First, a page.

Archive for Thursday, June 22, 2006


Lawrence was blessed with a medical and social icon when Dr. Vernon Branson chose to move his pediatric practice here in 1955.

June 22, 2006


The caring hands, kind heart, low-key humor and tremendous intellect of Dr. Vernon Branson left a lasting legacy in Lawrence.

For more than four decades, Branson, who died this week at the age of 88, comforted and tutored thousands of patients and parents. Because of his unique style and velvety personal touch, there probably are at least that many personal "Vern stories."

He and his noted wife, Jessie, a former nurse and state representative, moved to Lawrence from Beatrice, Neb., in 1955. He grew up in Webb City, Mo., and Osawatomie, Kan., and was a basketball star at Fullerton State College in California. He got his medical training at the Kansas University Medical Center and, after a medical internship, served three years with the U.S. Navy amphibious forces in the South Pacific during World War II.

Then came a residency in pediatrics and pathology at KU, and the opening of private practice in Beatrice. In addition to his 50 years in pediatric practice, Vern established one of the first child poison control centers in the country, was a teacher in the KUMC pediatrics department and earned honor after honor in the medical field.

His cultural and social welfare efforts included work with The Shelter, Boys Achievement Place, Girls Achievement Place, and the Villages. He established the Birth Defects Center at the KU Medical Center and served in one administrative role after another with major agencies in the field. He was a past president of the Douglas County ARC, which serves people with mental disabilities, and was a founding member of Cottonwood.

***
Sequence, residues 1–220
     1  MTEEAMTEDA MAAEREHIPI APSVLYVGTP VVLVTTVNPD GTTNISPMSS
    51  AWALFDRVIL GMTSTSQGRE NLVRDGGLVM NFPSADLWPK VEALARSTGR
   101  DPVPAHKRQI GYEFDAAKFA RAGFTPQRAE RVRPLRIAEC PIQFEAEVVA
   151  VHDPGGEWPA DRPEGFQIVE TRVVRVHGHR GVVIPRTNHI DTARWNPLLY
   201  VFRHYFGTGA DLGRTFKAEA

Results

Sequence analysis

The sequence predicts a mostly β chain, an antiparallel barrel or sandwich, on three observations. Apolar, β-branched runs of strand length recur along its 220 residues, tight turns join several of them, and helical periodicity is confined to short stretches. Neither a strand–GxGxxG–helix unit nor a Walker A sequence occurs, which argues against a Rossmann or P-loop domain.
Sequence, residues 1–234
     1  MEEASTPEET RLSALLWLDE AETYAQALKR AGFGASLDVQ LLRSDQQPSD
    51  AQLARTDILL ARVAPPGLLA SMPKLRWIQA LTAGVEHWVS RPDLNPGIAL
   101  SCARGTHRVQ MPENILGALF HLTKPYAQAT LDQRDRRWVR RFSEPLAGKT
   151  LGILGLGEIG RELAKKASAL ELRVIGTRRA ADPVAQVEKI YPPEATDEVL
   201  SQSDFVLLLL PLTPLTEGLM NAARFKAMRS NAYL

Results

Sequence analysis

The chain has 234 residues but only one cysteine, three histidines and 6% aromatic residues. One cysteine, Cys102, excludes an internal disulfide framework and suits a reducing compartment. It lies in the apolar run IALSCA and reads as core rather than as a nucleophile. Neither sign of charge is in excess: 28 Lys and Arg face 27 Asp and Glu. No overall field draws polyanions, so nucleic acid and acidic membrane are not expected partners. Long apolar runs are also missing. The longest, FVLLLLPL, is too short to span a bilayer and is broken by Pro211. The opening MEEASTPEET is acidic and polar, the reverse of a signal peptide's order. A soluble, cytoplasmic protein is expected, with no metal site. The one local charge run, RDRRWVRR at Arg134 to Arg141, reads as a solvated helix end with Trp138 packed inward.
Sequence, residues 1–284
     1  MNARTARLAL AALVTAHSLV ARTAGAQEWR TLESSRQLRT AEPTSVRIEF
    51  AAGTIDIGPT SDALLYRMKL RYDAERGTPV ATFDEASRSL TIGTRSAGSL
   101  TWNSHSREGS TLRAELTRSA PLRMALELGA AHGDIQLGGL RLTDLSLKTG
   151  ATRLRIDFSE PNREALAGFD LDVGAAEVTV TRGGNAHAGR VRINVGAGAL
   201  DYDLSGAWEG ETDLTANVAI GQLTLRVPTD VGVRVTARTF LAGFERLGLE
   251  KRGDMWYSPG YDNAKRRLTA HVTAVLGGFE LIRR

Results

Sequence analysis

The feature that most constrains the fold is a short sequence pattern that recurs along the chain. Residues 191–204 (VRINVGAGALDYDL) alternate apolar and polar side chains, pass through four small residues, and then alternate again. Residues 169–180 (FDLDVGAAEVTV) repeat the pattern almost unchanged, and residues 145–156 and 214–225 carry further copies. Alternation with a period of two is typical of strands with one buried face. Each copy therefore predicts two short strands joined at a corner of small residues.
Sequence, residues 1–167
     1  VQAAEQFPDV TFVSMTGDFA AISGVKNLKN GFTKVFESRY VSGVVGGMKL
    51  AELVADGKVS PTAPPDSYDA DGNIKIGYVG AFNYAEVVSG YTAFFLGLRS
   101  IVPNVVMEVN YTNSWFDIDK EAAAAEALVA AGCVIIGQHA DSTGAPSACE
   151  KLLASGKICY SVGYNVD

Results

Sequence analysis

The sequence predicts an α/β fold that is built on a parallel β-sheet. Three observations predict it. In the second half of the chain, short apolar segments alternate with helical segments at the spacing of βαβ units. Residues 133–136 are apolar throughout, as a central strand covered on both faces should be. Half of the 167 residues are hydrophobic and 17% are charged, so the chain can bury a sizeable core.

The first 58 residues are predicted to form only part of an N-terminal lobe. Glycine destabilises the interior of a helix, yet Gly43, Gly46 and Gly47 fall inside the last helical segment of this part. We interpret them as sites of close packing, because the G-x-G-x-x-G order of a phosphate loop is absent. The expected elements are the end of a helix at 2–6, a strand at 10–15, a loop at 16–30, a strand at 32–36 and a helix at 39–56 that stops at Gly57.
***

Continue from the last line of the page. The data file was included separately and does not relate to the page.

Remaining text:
He and his wife, often quietly, were driving forces behind innumerable worthwhile projects, such as the establishment of the Lawrence Chamber Music Society.

But it was as the kind, compassionate, ever-helpful pediatrician where Vernon Branson made his greatest and most lasting contributions to our community. Asked once to cite his greatest source of professional pride, he responded with typical Branson modesty: "The fact that I've been asked by a lot of people to take care of their infants and children." Adds a friend: "He was always very calm, quiet and humorous and had the full attention of kids. : They were fascinated with him. But he doesn't treat disease, as such. He treats kids and he influences their health and well-being so they can make better choices in their lives."

The Bransons had three daughters and a son. The doctor sometimes explained that the valuable lessons he learned through his son, who had mental disabilities, made him a more determined, patient and tolerant person and physician.

Vern had a special civility, gentility, respect for others and a ready willingness to laugh, often at himself. One evening at a local gathering, a number of parents and grandparents reminded Branson of some of the good advice they had received from him in the past - tips they had used to benefit themselves, their children and grandchildren. Again employing that incomparable ability to swing the spotlight away from himself, he responded with his inimitable grin: "Well, even a blind pig finds an acorn now and then."

He was officially Vernon Branson, and would be addressed by the more formal "Dr. Branson" label, for a while anyway, until people knew him a little better. But he became better-known to countless people here simply as Vern, a man whose choice of Lawrence in 1955 gave the community one of its major treasures of the last half-century.


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